Winter 2010: Of Note

Robin Whitworth with dogs

Lesson learned: Robin Whitworth, above with dogs, survived a mild heart attack.

Pat Thomas/PhotoPhetish

‘A Strange Sensation’

Heart attack symptoms may be subtle in women, placing them at higher risk

By Mary J. Loftus

Despite a family history of heart disease—her father had quintuple bypass surgery by his mid-fifties—Suwanee piano teacher Robin Whitworth, fifty-one, didn’t think she had to worry. She is thin and fit, doesn’t smoke, has regular check-ups, and stays active with her three rescue dogs.

So when she felt a strange sensation during a lesson with a student in August, she did what a lot of women do: she ignored it, a mistake that could have proven fatal.

“I had never felt anything like that before; it was as if I had the flu all of a sudden,” Whitworth says. “I didn’t really feel anything in my chest—it was more in my neck. I took Tylenol, chewed a piece of gum, anything I could to try to make myself feel better.”

Women more often than men may experience heart attack symptoms other than chest pressure or radiating pain. These include jaw, neck, shoulder, or upper back pain; abdominal discomfort, nausea, or vomiting; shortness of breath; sweating or dizziness; or sudden flu-like fatigue.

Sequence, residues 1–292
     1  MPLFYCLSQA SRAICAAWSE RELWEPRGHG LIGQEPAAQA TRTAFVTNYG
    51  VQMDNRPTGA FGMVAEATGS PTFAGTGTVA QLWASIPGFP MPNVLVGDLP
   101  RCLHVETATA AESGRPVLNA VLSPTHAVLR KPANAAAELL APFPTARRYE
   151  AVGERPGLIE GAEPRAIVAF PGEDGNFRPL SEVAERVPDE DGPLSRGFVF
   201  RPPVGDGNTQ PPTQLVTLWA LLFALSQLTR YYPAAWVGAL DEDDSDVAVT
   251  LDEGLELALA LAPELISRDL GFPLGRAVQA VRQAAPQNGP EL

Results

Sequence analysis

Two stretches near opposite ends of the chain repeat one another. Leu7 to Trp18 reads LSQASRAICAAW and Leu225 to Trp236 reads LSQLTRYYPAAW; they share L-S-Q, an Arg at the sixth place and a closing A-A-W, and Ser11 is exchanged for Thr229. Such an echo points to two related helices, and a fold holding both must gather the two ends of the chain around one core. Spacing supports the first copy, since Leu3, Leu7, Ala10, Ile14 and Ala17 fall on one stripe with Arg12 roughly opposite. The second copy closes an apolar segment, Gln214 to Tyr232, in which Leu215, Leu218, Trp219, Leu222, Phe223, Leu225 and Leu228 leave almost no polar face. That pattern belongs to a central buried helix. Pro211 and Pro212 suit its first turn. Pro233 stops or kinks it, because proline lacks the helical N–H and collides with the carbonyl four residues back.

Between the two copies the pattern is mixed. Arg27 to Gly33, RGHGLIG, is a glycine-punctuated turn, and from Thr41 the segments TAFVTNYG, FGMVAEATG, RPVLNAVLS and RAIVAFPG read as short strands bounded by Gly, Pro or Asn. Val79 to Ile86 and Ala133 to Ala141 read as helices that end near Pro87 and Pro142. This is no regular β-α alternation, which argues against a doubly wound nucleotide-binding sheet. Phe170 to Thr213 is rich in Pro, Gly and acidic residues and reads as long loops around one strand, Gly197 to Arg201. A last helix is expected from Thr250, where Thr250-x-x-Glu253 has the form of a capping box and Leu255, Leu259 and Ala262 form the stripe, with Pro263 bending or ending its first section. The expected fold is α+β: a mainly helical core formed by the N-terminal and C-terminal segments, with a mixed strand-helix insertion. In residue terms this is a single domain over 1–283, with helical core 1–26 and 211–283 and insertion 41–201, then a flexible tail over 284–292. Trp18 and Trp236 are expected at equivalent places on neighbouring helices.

These more subtle symptoms may be due to the fact that women tend to have blockages not only in main arteries, but also in smaller arteries that supply blood to the heart.

When Whitworth’s fatigue returned a few days later accompanied by pressure in her chest and shortness of breath, she drove to Emory Johns Creek Hospital’s emergency department, where she had an EKG and was kept overnight. Blood work showed she had experienced a mild heart attack—one caused by a small artery that was 95 percent blocked.

Her condition is now controlled through medication.

“Risk factors that can be modified or controlled by medications or healthy lifestyle are high blood pressure, high cholesterol, physical inactivity, and smoking,” says Clinical Associate Professor Sheila Robinson, a cardiologist at Emory University Hospital Midtown. “Risk factors that cannot be controlled are age, family history, and previous heart attack or stroke.”

One in three women will develop heart disease, adds Professor Nanette Wenger, a cardiologist who helped write the national guidelines for preventing female cardiovascular disease. “So it’s important that we consider lifetime risks and not just short-term risks.”